That morning Jimmy stood in her private kitchen, her sleeves rolled up, a cookery-book propped against a milk-bottle, and the light of battle in her eye.
No man or woman knew her ghastly secret. Even Mr. Obbings in his wildest moments never dreamt that her vice was the mangling and cremation of flour and fruit. Her lips moved as she followed the directions in the book.
“Flour, two spoonfuls.... Fresh butter... put in a dry, warm place... bake in a slow oven....”
She drew a long sigh and switched on her electric oven. She ate a hurried lunch, dashing backward and forward to the kitchen to examine the little thermostat which regulated the heat of the oven, and to compare the watch which lay open on the dresser with a note of the minute and the second that her work had gone to a warmer climate, written in pencil on the edge of the cookery-book.
She opened the oven, and with a cloth drew out the steel plate on which four beautiful confections lay, and the fragrance of them was as incense to her nostrils.
She looked at her work, then opened the cookery-book and examined the coloured plates, on which was a life-like representation of the little cakes she was baking. They were exact! If anything her creations were an improvement upon the book. She bore them to her room, and on her face was a look of holy exaltation. Each one she wrapped in white tissue and packed them into a small box and put the box into her attaché case.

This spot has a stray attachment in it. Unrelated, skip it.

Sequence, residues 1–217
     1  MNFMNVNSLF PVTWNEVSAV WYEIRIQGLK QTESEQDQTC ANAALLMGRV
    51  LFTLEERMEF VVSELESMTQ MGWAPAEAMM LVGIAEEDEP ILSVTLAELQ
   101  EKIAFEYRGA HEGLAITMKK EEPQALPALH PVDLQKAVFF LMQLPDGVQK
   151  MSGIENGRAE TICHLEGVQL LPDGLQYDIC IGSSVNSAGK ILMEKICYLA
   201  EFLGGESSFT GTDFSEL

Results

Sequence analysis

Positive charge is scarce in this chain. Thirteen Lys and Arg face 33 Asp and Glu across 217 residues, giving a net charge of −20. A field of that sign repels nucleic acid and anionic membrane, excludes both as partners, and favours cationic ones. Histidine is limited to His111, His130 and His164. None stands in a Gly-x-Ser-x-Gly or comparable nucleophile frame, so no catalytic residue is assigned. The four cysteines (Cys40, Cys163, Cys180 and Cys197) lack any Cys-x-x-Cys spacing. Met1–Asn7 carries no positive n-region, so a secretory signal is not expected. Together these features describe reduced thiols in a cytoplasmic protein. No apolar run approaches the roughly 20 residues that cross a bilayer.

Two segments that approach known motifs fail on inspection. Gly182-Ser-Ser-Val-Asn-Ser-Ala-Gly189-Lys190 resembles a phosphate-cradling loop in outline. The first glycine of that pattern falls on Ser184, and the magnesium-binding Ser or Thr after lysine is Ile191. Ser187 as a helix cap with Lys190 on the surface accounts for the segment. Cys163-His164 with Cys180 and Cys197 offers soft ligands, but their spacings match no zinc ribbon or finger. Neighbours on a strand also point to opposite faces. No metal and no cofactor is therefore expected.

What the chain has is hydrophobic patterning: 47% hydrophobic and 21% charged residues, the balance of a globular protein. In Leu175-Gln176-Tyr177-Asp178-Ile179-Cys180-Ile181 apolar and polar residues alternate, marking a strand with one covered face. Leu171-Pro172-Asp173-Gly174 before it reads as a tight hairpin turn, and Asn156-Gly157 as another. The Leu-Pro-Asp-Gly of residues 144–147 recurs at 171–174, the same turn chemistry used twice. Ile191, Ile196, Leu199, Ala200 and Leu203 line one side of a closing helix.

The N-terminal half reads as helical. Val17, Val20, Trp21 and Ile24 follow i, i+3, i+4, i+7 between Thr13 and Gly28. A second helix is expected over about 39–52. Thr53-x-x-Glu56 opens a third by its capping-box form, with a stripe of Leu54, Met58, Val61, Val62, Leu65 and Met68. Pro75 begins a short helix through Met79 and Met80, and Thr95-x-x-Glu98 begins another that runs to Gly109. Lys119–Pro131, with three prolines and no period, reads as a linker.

She arrived at Greenwich in the afternoon. The Fennell’s house was a small one and poorly furnished, she saw at a glance.
A girl met her at the door, a smiling bright-eyed girl who had laughed at poverty so long that it had become a habit.
“You’re Miss Meagh, aren’t you?” she said. “It is very good of you to come so far.”
Jimmy, who was somewhat at sea on occasions like this, smiled and was glad to get an awkward situation over. She found her client lying on a sofa in a somewhat bare parlour. He was a man of thirty, and he looked terribly ill, Jimmy thought. A low table near by was piled high with books, newspaper cuttings, and blue-covered reports.
“My husband has been ill,” explained Mrs. Fennell. “But he’s much better now, aren’t you, Frank?”
“Oh, much! I’m just loafing now,” said the man with a grin. “I think I can dictate the best part of the article this afternoon, Miss Meagh.”
“Fire away,” said Jimmy, and produced her book.
Fennell’s estimate of his strength had erred on the optimistic side. After three-quarters of an hour of dictation he was exhausted.